As an online bookseller, understanding digital rights management (DRM) is key. However, when used to prevent the unlawful distribution of ebooks, the efficacy of DRM is also not without controversy.
Here’s what you need to know.
What It Is
Said formally, DRM is a systematic approach to copyright protection for digital goods. Its purpose is to prevent unauthorized redistribution of products and restrict the ways consumers can use content they've acquired. For example, when one of your customers buys an ebook, it gets tied to the account and the device they used to make the purchase. This renders passing it along to another reader less feasible.
We say “less feasible” because as we all know, a determined hacker will make it their life’s goal to prove you wrong the moment you say something is “impossible”. Certain DRM settings also make it possible to “rent” a book with time restrictions. These are usually employed by public libraries to make books “expire” after a certain period of time has elapsed from the date it was “borrowed”. DRM also makes reprinting and copying excerpts from books more difficult to accomplish without permission.
Three major DRM algorithms are currently in widespread use. Amazon has its own, as does Apple. You’ll be required to make your titles conform to their standards if you want either (or both) of them to offer your ebooks. Adobe also has one in play, which is currently favored by sellers like Barnes & Noble and Kobo. If you’re selling books online independently, you will probably go Adobe too. While it entails some rather significant upfront costs, it’s also compatible with a wider variety of user platforms. Further, Adobe-protected books can be sold from your own site, even if you don’t have your own server. The good news is there are ways to use Adobe’s DRM without shouldering the up-front fees.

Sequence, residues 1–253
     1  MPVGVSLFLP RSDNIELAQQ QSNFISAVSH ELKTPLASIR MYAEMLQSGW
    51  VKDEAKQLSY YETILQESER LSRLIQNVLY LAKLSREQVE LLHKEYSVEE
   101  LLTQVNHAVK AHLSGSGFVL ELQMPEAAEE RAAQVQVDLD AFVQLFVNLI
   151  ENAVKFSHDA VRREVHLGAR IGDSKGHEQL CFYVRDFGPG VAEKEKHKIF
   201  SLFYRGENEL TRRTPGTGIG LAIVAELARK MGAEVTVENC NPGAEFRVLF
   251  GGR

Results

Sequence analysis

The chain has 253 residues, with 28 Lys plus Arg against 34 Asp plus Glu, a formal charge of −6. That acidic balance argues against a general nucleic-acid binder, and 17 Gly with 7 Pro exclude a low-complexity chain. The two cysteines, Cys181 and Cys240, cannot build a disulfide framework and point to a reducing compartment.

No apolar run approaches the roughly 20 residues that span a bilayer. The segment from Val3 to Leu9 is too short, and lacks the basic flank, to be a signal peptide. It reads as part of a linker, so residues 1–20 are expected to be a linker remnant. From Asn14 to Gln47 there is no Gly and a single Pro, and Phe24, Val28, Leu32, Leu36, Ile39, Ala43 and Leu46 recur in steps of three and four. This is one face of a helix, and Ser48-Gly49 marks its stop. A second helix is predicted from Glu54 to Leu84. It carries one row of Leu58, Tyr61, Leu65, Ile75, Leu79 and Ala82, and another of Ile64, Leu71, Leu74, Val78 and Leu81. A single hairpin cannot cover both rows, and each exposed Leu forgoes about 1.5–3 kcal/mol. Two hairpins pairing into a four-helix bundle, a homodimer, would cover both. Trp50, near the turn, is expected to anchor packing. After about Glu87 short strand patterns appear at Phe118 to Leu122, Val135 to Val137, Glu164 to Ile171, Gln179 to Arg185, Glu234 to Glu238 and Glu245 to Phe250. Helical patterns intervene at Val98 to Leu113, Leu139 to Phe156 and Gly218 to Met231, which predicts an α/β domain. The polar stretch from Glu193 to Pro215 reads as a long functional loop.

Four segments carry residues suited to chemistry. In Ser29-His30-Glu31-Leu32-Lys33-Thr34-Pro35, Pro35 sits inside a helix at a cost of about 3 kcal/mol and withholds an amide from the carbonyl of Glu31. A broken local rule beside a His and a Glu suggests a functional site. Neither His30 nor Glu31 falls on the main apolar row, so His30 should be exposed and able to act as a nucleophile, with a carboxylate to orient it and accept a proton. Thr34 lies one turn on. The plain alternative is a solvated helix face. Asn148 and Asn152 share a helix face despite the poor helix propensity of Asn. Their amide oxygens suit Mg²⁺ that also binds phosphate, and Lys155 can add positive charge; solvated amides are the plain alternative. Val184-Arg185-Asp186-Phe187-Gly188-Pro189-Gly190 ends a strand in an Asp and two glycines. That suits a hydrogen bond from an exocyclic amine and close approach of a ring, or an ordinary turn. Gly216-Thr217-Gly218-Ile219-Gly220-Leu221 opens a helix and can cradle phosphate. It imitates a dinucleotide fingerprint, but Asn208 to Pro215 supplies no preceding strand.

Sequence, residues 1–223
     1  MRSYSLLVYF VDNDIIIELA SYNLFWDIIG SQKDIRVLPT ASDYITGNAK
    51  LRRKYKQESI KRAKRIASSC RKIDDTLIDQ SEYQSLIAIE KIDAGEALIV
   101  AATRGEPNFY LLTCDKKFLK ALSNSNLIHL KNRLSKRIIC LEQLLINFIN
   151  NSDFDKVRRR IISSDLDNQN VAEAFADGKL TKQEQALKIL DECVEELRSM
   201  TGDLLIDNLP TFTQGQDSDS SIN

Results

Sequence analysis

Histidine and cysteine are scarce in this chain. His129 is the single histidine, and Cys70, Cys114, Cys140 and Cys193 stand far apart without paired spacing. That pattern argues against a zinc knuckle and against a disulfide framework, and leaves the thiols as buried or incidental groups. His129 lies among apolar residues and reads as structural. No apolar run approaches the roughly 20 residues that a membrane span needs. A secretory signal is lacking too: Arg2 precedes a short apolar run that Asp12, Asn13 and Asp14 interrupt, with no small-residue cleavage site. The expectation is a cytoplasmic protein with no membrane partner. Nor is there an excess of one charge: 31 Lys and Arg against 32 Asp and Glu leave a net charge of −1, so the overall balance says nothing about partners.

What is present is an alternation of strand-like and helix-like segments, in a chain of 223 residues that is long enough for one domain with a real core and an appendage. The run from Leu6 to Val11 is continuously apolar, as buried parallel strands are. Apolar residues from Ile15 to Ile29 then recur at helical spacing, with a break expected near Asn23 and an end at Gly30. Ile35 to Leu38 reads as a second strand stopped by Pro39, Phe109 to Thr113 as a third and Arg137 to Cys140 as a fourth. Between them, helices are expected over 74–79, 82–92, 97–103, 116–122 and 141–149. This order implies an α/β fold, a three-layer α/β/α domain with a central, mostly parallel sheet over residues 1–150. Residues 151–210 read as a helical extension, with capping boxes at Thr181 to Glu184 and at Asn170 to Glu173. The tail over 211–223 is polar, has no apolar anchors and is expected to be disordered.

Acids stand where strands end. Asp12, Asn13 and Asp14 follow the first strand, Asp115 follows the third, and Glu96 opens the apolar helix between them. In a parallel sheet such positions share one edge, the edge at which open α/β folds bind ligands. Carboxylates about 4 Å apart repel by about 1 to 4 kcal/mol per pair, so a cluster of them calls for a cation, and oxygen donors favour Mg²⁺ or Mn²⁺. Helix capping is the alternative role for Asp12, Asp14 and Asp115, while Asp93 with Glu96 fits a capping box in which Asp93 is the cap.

Also known as social DRM, the most perceptible method is the application of a digital watermark to the pages of a purchased ebook. These visible watermarks are typically comprised of the name, email address, phone number and physical address of the original purchaser. The idea is a person would be less likely to pass along a book with this personal information openly displayed. It also makes a book easily traceable back to the original purchaser. A key advantage of this form of DRM is it doesn’t require specific software to accomplish. The watermark info is captured at the time of the sale.
Is DRM Really Necessary?
Many people feel once a book has been purchased, it should be up to the owner to do with it whatever they see fit. If they want to loan it to a friend, they should have the right to do so. After all, this is exactly the case with a paper book. On the other hand, if you’re the seller, you’ll probably be happy to know everyone who reads your book has to pay for the privilege. What’s more, it’s very easy for someone to copy a digital book and distribute hundreds of copies, while still holding on to the original. This can’t happen as readily with a paper book. Of course, given hackers have cracked the DRM codes, if somebody really wants to pirate your book, there’s little you can do to stop them.
So basically, when it comes to understanding digital rights management as it applies to ebooks, it only works on people who wouldn’t bother to pirate the work anyway. Meanwhile, dishonest people have already figured out how to beat it. This is why most detractors say all DRM really does is make it more cumbersome for honest people to get your books.